Joseph Mary Plunkett. I've got a battered selection of his poems I picked up in a junk shop in Clonmel. It must have been printed fairly soon after he was shot - because it talks of him as being dead, buit never mentions the circumstances of his death. Wartime censorship I imagine.
Anyway, here's a ballad he wrote that's included in the introduction written by his sister Geraldine. I've never seen it anywhere else:
THE PLANETS SEVEN
(Joseph Mary Plunkett)
The planets seven that swing through Heaven
On a golden tether round their Lord the Sun,
Are not so humble, but they sometimes grumble,
That their life is humdrum with but little fun.
Though that shining sickle the moon's not fickle,
Yet she's sometimes mickle and more times less,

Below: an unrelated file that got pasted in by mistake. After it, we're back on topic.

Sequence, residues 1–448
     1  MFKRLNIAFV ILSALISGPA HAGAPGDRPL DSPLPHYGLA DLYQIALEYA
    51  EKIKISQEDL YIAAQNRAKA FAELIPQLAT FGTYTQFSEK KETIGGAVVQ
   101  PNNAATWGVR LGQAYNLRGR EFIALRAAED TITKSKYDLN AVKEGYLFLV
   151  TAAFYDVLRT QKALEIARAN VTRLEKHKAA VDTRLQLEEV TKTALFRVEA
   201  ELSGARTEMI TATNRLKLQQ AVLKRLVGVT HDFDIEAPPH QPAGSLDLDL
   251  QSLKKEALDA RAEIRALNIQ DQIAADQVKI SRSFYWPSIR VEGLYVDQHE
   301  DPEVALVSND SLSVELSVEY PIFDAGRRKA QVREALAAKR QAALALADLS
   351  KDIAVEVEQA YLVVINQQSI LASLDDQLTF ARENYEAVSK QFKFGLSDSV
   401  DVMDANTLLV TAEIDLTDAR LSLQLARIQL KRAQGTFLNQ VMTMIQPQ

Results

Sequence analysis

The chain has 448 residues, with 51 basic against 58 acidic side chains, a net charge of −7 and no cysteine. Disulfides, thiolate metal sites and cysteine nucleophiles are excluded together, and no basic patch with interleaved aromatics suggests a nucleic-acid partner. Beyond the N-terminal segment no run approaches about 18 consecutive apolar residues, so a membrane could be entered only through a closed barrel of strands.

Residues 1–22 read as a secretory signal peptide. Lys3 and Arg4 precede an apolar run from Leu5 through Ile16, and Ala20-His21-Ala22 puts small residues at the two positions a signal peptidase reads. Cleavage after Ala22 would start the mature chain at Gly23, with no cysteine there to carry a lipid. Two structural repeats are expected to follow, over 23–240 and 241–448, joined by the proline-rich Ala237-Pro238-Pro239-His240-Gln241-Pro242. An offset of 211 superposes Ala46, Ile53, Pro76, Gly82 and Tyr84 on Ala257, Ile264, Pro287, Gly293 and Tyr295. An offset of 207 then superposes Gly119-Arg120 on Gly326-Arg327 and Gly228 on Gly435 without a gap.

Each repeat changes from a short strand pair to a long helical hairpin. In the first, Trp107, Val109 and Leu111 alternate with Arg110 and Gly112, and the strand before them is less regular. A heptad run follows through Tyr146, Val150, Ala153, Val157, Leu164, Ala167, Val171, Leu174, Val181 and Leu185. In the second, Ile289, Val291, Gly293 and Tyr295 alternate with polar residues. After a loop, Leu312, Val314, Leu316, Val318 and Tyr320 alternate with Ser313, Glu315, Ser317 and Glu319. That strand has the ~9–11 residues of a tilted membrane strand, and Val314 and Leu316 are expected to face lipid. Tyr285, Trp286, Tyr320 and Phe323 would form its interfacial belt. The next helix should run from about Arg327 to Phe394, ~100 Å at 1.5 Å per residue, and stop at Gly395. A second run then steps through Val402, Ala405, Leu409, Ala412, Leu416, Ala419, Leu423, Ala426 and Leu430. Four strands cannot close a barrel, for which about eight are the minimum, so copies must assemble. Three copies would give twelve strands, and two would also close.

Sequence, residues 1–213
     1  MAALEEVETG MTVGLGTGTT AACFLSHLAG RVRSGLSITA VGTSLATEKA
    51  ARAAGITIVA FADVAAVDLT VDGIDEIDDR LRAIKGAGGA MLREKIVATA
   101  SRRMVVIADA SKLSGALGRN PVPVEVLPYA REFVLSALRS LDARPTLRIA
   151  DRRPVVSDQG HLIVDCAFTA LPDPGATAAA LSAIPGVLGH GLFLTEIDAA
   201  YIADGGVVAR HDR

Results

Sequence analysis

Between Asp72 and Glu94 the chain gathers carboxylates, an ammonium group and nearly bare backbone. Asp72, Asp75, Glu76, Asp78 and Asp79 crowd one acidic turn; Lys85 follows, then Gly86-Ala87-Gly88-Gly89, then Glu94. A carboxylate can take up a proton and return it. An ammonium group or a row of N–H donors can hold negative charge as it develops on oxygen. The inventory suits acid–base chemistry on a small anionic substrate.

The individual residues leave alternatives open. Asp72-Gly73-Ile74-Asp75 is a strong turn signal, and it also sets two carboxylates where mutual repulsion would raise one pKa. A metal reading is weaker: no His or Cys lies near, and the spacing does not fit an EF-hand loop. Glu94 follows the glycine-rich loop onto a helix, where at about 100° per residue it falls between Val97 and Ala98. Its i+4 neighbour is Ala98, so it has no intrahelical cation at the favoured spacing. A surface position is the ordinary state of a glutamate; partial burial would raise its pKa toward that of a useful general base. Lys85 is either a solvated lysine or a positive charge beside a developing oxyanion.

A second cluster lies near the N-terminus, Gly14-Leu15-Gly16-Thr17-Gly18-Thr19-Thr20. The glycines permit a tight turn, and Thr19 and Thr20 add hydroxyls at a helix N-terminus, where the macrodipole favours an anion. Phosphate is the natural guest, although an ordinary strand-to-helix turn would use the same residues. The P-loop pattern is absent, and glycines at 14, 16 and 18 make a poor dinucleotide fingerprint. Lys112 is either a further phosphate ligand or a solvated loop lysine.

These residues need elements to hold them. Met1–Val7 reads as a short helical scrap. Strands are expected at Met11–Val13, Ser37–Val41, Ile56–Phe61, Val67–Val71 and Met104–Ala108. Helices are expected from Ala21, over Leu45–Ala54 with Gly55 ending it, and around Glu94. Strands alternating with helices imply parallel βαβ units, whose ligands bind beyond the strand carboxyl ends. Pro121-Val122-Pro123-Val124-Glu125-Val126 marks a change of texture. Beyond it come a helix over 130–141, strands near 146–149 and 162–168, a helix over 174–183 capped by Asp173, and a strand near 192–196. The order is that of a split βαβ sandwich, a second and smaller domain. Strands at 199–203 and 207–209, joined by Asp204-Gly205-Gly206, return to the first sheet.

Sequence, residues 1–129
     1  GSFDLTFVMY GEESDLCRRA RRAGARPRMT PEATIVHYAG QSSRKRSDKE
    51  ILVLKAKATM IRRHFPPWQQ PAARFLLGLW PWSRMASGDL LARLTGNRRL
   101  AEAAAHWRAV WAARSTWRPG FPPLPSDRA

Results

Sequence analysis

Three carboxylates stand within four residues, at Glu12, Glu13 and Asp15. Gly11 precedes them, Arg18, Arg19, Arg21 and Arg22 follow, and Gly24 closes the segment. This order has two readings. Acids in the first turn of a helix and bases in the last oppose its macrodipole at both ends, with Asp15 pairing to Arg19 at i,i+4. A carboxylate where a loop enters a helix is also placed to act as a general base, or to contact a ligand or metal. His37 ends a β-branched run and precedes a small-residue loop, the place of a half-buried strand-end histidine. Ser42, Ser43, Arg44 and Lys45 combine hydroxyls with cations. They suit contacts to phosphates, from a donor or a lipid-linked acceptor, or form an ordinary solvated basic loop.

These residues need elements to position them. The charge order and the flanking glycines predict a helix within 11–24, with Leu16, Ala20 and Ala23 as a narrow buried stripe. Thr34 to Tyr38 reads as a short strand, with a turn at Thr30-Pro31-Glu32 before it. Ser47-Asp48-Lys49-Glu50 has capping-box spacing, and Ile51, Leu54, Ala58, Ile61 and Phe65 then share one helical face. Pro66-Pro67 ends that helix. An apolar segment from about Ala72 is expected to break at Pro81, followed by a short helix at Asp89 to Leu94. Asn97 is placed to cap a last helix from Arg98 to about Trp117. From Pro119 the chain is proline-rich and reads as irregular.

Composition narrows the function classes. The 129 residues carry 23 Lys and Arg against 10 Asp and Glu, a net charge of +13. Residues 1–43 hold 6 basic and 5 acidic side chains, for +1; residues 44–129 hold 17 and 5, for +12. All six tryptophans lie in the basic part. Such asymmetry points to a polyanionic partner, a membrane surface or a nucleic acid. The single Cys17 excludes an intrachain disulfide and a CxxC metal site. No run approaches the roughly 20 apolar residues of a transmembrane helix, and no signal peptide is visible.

But my love, my blessing, would give them a lesson
Both the stars and crescent in graciousness.
There's many a flower in a heavy shower
Would say that its hour of grief was black
And the bearded barley would take it hardly
In the morning early to be cut and stacked;
The silver herring off the coast of Kerry
Is not so merry to meet with death,
But my love, my children, she would beguile them
With her easy smiling while he stopped their breath.
If the stars lack teachers, or ever a preacher
To recall the creatures to the ways of God,
Let them cease to whistle and come and listen
Kneeling like Christians upon the sod;
Then Saint Columba will shake the slumber
Of Death that cumbers their tired eyes
And my love will glance with a look entrancing
And send them dancing to Paradise.
"The flowers of heaven and earth are the same flowers."